WIUM Tristates Public Radio

Seeking Solutions to Higher Education's Woes in Illinois

Jun 23, 2018

The Higher Education Working Group started meeting last fall to identify ways to reform higher education in Illinois.  And the group continues to meet even after lawmakers adjourned their 2018 legislative session.

The bipartisan group includes members of the Illinois House and Senate.  Some have a public university in their district, including State Representative Norine Hammond (R-Macomb).

“It’s a great group,” said Hammond.  “It is the most rewarding group that I have been a part of in the General Assembly.”

She said the members came together with one goal in mind: to do better for higher education in Illinois. She said they never lost sight of that goal, even when they disagreed about certain issues.

The group said it developed “…a series of impactful legislation aimed at strengthening Illinois' colleges and universities and making them more attractive and affordable for students across the state for many years to come.” The group said the bills include:

State Representative Norine Hammond
Credit Rich Egger

SB 2354

Starting in 2019-2020, each public college and university student with 30 academic credit hours completed must disclose their degree programs of interest to their college or university for a possible advisement session. IBHE and ICCB shall develop policies to encourage reverse transfer credits for students at colleges and universities. Tuition waiver amounts shall not be limited by the Board of Higher Education at public universities.

HB 5020

Expands MAP grant awards to public institutions from yearly to four years.

SJR 76

Instructs IBHE, ICCB and public institutions to work together on identifying cases where courses are not transferable with full credit between institutions, ensure the General Education Core curricula has aligned course codes, and prevent students transferring between Illinois public institutions from having to retake core curriculum courses or take additional general education courses to satisfy degree requirements.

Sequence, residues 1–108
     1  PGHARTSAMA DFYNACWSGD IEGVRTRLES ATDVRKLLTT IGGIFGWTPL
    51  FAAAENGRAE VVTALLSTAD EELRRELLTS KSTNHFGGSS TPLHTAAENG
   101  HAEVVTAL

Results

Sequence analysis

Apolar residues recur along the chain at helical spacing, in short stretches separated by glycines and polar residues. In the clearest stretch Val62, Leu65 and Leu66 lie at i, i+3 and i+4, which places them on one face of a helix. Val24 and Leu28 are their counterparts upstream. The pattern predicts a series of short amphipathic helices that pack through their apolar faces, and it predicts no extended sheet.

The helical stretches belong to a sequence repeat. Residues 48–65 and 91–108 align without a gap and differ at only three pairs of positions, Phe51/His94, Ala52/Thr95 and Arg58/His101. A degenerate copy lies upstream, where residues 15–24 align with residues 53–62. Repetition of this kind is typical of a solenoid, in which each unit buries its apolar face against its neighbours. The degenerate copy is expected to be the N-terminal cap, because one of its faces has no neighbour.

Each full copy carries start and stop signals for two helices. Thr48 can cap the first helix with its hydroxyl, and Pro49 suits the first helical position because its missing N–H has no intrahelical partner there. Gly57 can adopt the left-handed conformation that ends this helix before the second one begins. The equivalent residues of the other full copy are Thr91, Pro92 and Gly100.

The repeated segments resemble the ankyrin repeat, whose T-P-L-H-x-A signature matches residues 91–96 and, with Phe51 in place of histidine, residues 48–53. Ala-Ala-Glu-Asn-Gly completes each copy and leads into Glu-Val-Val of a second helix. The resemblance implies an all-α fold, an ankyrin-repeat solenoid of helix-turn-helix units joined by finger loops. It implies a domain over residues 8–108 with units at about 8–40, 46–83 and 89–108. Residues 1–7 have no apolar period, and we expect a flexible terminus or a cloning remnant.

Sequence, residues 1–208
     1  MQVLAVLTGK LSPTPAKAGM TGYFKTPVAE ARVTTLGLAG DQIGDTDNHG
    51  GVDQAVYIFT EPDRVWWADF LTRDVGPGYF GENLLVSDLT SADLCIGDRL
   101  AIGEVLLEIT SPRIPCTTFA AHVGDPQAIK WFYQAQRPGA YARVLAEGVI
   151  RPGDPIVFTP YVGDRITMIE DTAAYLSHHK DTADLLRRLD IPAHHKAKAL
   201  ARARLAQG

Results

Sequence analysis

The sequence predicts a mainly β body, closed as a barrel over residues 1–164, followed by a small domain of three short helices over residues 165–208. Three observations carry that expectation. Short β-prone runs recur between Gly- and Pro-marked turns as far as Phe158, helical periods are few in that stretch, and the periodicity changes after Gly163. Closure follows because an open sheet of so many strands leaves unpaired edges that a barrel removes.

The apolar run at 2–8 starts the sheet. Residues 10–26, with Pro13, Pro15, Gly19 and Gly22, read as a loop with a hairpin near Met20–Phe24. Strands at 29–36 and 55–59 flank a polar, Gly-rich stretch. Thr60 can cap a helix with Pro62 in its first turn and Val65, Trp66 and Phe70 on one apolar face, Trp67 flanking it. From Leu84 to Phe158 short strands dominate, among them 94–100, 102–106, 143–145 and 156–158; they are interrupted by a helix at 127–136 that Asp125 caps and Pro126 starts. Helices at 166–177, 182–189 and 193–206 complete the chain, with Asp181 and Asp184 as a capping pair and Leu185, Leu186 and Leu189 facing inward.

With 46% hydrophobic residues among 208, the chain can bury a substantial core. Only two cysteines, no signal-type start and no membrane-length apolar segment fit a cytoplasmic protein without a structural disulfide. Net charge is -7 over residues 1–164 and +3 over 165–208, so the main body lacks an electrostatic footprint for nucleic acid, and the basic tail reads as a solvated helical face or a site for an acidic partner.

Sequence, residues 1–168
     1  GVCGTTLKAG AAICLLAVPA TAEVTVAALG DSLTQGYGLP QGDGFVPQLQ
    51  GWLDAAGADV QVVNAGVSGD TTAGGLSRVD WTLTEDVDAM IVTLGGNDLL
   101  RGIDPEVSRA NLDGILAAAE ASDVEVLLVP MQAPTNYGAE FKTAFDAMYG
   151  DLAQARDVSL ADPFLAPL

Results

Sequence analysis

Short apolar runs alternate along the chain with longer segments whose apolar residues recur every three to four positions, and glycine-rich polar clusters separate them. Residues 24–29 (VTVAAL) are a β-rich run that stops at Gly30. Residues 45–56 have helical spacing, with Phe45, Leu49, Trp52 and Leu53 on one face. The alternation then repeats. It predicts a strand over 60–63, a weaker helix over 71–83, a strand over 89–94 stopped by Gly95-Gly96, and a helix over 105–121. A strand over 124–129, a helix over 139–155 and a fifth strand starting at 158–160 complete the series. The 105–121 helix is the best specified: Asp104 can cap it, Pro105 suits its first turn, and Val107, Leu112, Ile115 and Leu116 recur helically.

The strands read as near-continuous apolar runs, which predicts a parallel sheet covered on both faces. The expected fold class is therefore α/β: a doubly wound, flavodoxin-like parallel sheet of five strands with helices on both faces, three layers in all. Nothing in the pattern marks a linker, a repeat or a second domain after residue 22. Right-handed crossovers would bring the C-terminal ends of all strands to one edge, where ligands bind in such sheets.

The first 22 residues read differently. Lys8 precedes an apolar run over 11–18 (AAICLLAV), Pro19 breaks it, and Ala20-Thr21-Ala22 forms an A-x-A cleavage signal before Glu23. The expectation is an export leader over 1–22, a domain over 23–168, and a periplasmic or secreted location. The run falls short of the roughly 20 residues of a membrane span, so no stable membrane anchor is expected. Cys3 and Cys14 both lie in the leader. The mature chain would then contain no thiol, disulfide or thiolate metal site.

SB 2927

Creates the AIM HIGH Grant Pilot Program to encourage access and affordability for Illinois colleges and universities through a new merit-based scholarship. Illinois citizens with qualifying income, GPAs, and test scores would be eligible, and funds would be provided through the Illinois Student Assistance Commission to colleges and universities who participate. Participation in the program will be tracked by ISAC and reported back to the Illinois General Assembly.

SB 2969

Greatly expands debt limits at the state's public universities to allow them to address deferred maintenance and make capital improvements that have been delayed for several years. Universities must disclose how the borrowing for capital improvements will affect their overall fiscal condition to the General Assembly.

HB 4781

Authorizes the Illinois State Board of Education to conduct a brief survey of all Illinois students taking state assessments on their contact information, career interests, intended fields of study and self-reported cumulative GPA. All Illinois public higher education institutions will receive the information unless students opt out.

Hammond said the group is still working to create a common college application that could be shared among the state’s universities. She said the group must ensure its plan doesn’t violate federal privacy laws.

She said the group is also working to ease some procurement rules for universities.

Hammond said the group didn’t focus on higher education funding, but instead tried to come up with ways to reverse the trend of students leaving Illinois to attend college in other states.

“We believe that if we can get our Illinois students in our Illinois public universities and community colleges, then that’s half the battle to the funding,” Hammond said. “That was really where the focus was. What do we do to get our Illinois students interested in staying in Illinois?”

She said the group brought in experts from across the country to talk about what’s working in other states.  She said the experts agreed grant and scholarship programs seem to be particularly effective.